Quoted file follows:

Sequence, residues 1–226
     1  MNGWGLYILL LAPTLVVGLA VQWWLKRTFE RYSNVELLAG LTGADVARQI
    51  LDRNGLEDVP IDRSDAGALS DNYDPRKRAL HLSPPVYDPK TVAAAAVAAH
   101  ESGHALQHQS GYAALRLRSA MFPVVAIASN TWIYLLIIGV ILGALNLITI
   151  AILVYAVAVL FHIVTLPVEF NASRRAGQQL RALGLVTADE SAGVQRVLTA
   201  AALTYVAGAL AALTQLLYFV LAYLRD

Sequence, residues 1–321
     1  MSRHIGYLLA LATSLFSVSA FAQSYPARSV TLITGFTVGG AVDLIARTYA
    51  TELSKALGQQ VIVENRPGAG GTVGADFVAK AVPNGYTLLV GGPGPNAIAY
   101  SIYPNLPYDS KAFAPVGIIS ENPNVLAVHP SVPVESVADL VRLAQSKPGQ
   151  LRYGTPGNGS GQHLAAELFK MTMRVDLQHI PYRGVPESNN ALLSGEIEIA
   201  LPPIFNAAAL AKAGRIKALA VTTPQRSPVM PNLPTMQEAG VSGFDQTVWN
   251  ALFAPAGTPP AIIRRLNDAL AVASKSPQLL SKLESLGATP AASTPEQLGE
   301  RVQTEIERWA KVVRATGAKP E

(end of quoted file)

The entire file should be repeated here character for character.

Sequence, residues 1–226
     1  MNGWGLYILL LAPTLVVGLA VQWWLKRTFE RYSNVELLAG LTGADVARQI
    51  LDRNGLEDVP IDRSDAGALS DNYDPRKRAL HLSPPVYDPK TVAAAAVAAH
   101  ESGHALQHQS GYAALRLRSA MFPVVAIASN TWIYLLIIGV ILGALNLITI
   151  AILVYAVAVL FHIVTLPVEF NASRRAGQQL RALGLVTADE SAGVQRVLTA
   201  AALTYVAGAL AALTQLLYFV LAYLRD

Sequence, residues 1–321
     1  MSRHIGYLLA LATSLFSVSA FAQSYPARSV TLITGFTVGG AVDLIARTYA
    51  TELSKALGQQ VIVENRPGAG GTVGADFVAK AVPNGYTLLV GGPGPNAIAY
   101  SIYPNLPYDS KAFAPVGIIS ENPNVLAVHP SVPVESVADL VRLAQSKPGQ
   151  LRYGTPGNGS GQHLAAELFK MTMRVDLQHI PYRGVPESNN ALLSGEIEIA
   201  LPPIFNAAAL AKAGRIKALA VTTPQRSPVM PNLPTMQEAG VSGFDQTVWN
   251  ALFAPAGTPP AIIRRLNDAL AVASKSPQLL SKLESLGATP AASTPEQLGE
   301  RVQTEIERWA KVVRATGAKP E